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Napa wine country desperate to get back to work

Napa wine country desperate to get back to work

Our state's wine country is still recovering after wildfires destroyed hundreds of thousands of acres earlier this year.

Adam Housley with Fox News shows us what the people who live and work in the area are doing to rebuild.

Winemaker Pierre Birebent said: "It’s strange but we know we're going to rebuild and we know it’s going to be a nice building again so we have faith"

Birebent says he has hope, as he looks over the spot where Signorello Winery once stood.

The October wildfires destroyed the winery and raged through wine country, killing 42 people and burning down nearly 9,000 structures.

Birebent said, "It's important for people to come back because we depend on tourism and the valley is still beautiful and it’s still a good time to visit."

Jessica Hague of Darioush Winery said, "We do need to put people back to work, we do need to make sure our wineries, our restaurants, our tourist industry. You know this beautiful land is supported by the people who really care so much about it"

One of the top five most visited areas in the country, the two weeks of fires came at the regions busiest, during harvest season.

And while 22 wineries were either damaged or destroyed, there are more than 600 others in Napa and Sonoma that are open for business, albeit with more room than anyone wants.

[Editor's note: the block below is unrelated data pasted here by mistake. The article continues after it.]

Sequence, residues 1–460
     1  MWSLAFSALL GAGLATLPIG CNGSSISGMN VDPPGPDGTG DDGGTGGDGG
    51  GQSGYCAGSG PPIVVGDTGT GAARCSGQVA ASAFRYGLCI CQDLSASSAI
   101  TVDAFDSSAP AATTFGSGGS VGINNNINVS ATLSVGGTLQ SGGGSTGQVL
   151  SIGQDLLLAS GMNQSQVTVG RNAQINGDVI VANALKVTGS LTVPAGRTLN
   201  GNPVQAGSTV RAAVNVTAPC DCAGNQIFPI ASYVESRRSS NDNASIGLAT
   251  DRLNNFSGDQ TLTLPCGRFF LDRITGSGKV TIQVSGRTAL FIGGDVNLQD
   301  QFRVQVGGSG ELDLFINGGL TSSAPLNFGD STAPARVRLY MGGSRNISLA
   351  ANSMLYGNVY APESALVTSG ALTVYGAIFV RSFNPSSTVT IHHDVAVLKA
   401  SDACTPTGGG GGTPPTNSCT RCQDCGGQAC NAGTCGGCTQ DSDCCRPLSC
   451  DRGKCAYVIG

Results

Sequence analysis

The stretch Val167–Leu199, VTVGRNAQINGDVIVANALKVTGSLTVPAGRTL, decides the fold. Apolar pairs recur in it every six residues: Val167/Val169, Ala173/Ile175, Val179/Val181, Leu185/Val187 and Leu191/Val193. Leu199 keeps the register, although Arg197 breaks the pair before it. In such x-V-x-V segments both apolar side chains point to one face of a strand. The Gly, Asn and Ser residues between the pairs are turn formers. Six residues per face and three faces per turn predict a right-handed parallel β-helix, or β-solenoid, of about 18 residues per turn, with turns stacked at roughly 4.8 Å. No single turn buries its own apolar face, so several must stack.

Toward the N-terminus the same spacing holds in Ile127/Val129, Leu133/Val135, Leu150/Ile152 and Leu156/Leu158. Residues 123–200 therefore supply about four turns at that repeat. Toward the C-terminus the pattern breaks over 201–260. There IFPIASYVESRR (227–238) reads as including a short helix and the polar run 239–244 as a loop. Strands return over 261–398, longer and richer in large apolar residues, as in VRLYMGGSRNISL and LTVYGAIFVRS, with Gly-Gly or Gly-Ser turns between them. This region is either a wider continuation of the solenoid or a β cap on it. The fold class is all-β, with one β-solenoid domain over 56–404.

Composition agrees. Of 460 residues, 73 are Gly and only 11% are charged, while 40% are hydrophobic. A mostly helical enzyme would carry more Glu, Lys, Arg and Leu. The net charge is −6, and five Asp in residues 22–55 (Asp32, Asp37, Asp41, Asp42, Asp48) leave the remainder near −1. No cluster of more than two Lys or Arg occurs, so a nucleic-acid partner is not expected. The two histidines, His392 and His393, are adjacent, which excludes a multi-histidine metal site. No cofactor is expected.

Hague said, "Most people are very surprised… they're expecting to see charred areas, burned areas and they're few and far between."

There is plenty of destruction, in Santa Rosa, thousands of homes are gone and lives have been changed forever.

But much of the destruction is in residential areas, so people are more dependent now than ever on a steady income, most likely tied to the tourist dollar.

Dan Hickman, a “Season for Sharing” fund recipient said, "There's been an immense amount of support from family and friends and just the community in general"

Hague said, "The best way that anyone interested in supporting Napa Valley right now is to come visit."

While the Thomas Fire in Southern California is now the state's largest ever, the wine country fires are the most destructive in history, with estimated damage in the billions.

While Signorello Winery hopes to reopen in two years, they need to be creative to keep all their employees working.

They are now taking wine tasting directly to people's homes and of course, other wineries are doing what they can as well, to reconnect with customers because bookings in Napa and Sonoma are down 50% from 2016.

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